we grow old because we stop playing.”

George Bernard Shaw

Olive picking in the South of France

As we run through Autumn, maneuvering through months, heads down and hoods up against bitter winds, it is easy to be oblivious to the little treats that nature has to offer, even in Autumn.

A couple of years ago we purchased the field next to our house, for even though it is agricultural land, we wanted to protect our house from any construction in the future. The Rascals thought it was a perfect place to build a giant fort but they had to settle for a tree house at the bottom of the garden instead. For my Partner in Crime, who has always held the romantic dream of owning a wood, it was an opportunity to plant some trees. At first he envisaged an apple orchard, with aspirations of his own-label cider (he is originally from the West Country) but we were encouraged, much to my delight, to invest in olive trees. They are only very little trees and every year we plant a few more with the hope of eventually filling the field. It’s a slow, yet rewarding process.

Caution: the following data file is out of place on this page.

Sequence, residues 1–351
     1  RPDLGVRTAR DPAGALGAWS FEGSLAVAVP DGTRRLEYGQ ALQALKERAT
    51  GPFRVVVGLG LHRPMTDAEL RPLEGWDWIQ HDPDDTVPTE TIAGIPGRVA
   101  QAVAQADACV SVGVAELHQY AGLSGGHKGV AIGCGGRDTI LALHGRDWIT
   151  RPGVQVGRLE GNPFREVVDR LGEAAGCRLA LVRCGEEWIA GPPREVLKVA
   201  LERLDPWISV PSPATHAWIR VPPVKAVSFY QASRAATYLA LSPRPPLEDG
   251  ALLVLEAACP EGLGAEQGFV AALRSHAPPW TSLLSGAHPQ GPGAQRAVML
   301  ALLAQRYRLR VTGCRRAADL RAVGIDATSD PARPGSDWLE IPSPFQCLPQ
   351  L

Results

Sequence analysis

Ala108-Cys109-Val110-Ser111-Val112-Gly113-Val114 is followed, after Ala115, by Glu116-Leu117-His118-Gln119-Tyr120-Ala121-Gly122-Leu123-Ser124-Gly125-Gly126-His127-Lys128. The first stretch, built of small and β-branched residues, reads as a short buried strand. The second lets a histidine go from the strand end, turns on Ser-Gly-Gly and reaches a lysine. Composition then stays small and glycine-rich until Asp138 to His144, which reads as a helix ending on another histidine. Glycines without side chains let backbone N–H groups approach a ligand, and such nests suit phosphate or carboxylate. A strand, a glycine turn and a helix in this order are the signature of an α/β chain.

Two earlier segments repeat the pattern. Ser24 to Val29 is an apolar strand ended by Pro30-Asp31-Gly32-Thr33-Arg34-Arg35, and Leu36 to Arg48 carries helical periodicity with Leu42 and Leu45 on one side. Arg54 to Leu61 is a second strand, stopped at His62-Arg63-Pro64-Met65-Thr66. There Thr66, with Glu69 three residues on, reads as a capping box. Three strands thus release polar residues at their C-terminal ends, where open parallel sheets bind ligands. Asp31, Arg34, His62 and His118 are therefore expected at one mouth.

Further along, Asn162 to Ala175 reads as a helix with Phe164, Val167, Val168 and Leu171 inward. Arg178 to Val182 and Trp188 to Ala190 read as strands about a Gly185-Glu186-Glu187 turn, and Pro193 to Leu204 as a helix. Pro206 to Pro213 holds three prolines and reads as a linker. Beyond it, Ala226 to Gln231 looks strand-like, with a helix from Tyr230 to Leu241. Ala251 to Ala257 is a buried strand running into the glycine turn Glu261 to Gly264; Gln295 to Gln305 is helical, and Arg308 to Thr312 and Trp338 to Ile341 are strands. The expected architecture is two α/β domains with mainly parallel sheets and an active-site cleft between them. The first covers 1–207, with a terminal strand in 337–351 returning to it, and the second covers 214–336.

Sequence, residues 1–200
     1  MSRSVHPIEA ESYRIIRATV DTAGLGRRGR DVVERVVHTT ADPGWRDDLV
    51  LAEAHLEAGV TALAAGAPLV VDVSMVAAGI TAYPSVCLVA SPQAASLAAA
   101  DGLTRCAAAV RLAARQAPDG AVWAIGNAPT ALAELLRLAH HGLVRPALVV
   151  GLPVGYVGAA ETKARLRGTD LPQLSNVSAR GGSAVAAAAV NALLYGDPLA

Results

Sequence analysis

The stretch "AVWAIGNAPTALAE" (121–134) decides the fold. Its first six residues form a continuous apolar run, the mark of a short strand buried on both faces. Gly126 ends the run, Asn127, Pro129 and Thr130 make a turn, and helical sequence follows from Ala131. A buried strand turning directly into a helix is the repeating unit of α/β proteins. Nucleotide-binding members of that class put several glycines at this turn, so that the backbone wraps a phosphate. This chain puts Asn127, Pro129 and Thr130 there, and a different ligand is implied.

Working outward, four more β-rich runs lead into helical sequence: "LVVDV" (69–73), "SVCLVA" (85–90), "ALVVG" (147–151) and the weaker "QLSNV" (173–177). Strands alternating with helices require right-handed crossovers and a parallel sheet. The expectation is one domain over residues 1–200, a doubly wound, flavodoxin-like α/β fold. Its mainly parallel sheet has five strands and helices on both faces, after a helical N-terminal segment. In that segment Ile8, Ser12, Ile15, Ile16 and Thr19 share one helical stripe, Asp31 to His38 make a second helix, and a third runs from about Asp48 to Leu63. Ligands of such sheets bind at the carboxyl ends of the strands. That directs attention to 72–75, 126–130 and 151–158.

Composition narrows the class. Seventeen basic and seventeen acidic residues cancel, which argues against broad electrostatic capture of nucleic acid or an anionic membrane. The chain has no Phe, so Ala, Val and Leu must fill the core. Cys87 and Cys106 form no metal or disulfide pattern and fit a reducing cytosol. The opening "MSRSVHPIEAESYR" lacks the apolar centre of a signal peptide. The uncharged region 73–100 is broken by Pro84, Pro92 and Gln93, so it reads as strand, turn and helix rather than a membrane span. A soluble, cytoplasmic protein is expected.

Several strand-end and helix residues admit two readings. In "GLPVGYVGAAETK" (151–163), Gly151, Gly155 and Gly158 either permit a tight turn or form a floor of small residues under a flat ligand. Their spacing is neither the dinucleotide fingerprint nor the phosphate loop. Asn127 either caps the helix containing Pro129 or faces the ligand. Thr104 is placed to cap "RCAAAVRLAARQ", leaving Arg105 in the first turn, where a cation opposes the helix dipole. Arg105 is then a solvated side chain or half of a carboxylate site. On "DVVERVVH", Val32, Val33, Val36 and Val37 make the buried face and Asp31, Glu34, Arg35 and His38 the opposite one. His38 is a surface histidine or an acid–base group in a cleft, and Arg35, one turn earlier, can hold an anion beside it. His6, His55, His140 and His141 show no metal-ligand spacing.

Today I received an email from the lovely couple who live opposite our house, asking us permission to pick our olives for us. We have olives? Our very own olives! Above all though, it reminds us how lucky we are to have such special, kind neighbours who really care about our house and our baby olives. Our little corner of very french France really does have this generous spirit, this neighbourly love, even to the only English family in the village.

Transforming a home into a holiday house in France

It was this time last year that we began contemplating a move to Canada. My Partner In Crime had been offered a job in Montreal and his company needed a decision fast. Were we willing to move our whole family from the gorgeous Languedoc area in the south of France to the much more challenging, diverse climate of Canada?